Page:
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On Monday, Arizona Republicans showed casual contempt and a dismissive attitude towards racial equality, and the public in Mesa, AZ saw it. The East Valley Dr. Martin Luther King Jr. Parade and Festival is a public-private partnership, with the City of Mesa officially involved in organizing and sponsoring the event. I will post photographs later, illustrating the parade as I did for Veterans’ Day, but what I saw, and did not see, prompts me to write before the day is gone.
What follows is a first-hand report of the parade: organization, the crowd, parade entrants, and the festival following the parade.
Unlike the Veterans’ Day parade, where a non-profit group has had primary responsibility for organization and funding over the years, today’s parade was a public-private partnership event. The City of Mesa takes lead responsibility:
The East Valley Dr. Martin Luther King Jr. Parade is a collaboration by the City of Mesa and Mesa Dr. Martin Luther King Jr. Celebration Committee.
Once again, the Mesa Police Department ran a first-class operation, discreetly providing excellent security without a heavy hand.
The crowd looked like Mesa. There were young families and senior citizens. Most of the people who lined the parade route, standing or sitting in folding camp chairs, were white or Hispanic, with apparently more blacks marching in the parade than lining the route. This reflects Arizona’s demographics, as reported by the US Census Bureau:
Race and Hispanic Origin
White alone, 83.1%
Black or African American alone, 5.0%
American Indian and Alaska Native alone,5.3%
Asian alone, 3.5%
Native Hawaiian and Other Pacific Islander alone, 0.3%
Two or More Races, 2.8%
Hispanic or Latino, 31.4%
White alone, not Hispanic or Latino, 54.9%
The Parade Entrants:
There was some overlap in participants between the Veterans’ Day Parade and the Martin Luther King Jr. Parade. Groups dedicated to commemorating African Americans’ participation in our military, especially the Buffalo Soldiers role in the American West, were in both parades. The Civil Air Patrol and Commemorative Air Force were sure to get in front of the public, as were some school bands, cheer, and dance groups. The Mesa and Chandler Police Departments marched, the Mesa PD band leading and the Chandler restomodded police cruiser lighting up the bubble light, siren, and tires.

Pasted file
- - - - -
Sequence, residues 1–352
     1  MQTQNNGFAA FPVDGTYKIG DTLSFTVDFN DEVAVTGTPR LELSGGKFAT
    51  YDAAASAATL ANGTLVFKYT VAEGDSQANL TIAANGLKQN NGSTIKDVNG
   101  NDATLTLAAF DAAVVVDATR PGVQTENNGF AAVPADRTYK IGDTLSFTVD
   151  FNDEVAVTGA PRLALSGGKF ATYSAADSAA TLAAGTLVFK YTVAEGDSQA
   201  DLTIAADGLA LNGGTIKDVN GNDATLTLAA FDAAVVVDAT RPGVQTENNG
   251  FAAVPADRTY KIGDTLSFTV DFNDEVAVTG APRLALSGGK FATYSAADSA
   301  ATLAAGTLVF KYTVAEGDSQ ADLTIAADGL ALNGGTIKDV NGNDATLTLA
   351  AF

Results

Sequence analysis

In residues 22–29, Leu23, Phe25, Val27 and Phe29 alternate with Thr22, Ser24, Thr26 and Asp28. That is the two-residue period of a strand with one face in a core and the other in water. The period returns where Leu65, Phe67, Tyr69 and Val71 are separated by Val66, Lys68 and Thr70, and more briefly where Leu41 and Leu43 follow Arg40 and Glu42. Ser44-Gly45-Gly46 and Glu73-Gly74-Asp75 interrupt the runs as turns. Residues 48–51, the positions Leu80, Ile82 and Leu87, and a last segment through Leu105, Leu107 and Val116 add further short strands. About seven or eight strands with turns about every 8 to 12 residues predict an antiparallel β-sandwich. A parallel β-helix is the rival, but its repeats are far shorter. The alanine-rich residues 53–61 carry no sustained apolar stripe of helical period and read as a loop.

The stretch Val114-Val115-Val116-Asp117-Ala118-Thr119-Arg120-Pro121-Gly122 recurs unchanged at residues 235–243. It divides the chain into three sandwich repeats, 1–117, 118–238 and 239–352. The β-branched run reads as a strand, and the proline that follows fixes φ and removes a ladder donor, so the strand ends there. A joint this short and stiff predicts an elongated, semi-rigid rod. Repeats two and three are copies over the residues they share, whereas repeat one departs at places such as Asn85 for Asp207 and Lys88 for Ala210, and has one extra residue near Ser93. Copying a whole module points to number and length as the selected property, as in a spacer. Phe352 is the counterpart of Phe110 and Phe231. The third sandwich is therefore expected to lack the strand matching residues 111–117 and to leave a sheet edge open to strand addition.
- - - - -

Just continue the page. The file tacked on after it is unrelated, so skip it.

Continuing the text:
Historically black churches were well represented in the parade, still core institutions in community life. Music radio stations were represented, while conservative talk stations were not, differing from the Veterans’ Day radio station contingent. A highlight of this parade, which was not in the most recent East Valley Veterans’ Parade, was a group of Buffalo Soldier reenactors, on foot and mounted.
There was little overt ideological messaging, except for a few hand-crafted signs and a few standard leftist chants. Police officers walked the route shaking hands and giving children “junior police” stickers. The overall atmosphere was positive and celebratory, complemented by a wonderful Arizona January day, shirt sleeves, a few fluffy clouds, and sunshine.
A Tale of Two Parties:
Witnessing today’s parade, seeing who showed up to march, or set up a booth, and who did not, brought to mind Justice Clarence Thomas’s indictment of the national GOP in My Grandfather’s Son (emphasis added):
…I’d come to realize, as I told a reporter, that “conservatives don’t exactly break their necks to tell blacks that they’re welcome.” Was it because they were prejudiced? Perhaps some of them were, but the real reason, I suspected, was that blacks didn’t vote for Republicans, nor did Democrats work with President Reagan on civil-rights issues. As a result there was little interest within the administration in helping a constituency that wouldn’t do anything in return to help the president. My suspicions were confirmed when I offered my assistance to President Reagan’s reelection campaign, only to be met with near-total indifference. One political consultant was honest enough to tell me straight out that since the president’s reelection strategy didn’t include the black vote, there was no role for me.
The Democrats showed up today. Two state legislative districts were proudly represented–as was Arizona State University, which has an East Valley campus–by their Democratic Party chapters. There was not a single self-identified Republican in the parade, which lasted over an hour, nor was there a single conservative group booth to be seen at the festival following the parade. This obvious snub is sitting at some level in the minds of all the parade viewers, ready to be activated by Democrats as they turn Arizona from reliably Republican to dependably Democrat.
A tweet is not sufficient engagement. Indeed, if you roll out this tweet, acknowledging you are aware of the holiday, your failure to show up becomes even more offensive:
“There is nothing more majestic and sublime than the quiet testimony of a people willing to sacrifice and suffer for the cause of freedom.”
— AZ Republican Party (@AZGOP) January 21, 2019
Mitt Romney was rightly lambasted for writing off 47 percent of the American electorate. Donald Trump expressly reached out to all Americans who have been left behind, and continues to do so to this day. Romney, the “conservative” commentariat, and the Arizona GOP have shown they are not truly interested in being the Party of Lincoln, whereas President Trump, who they disdain or at best grudgingly acknowledge, has truly striven to gain back long-abandoned voters.
Laziness leads to losing. You can’t win if you don’t play. The fastest way to lose a race is by not showing up at the starting line.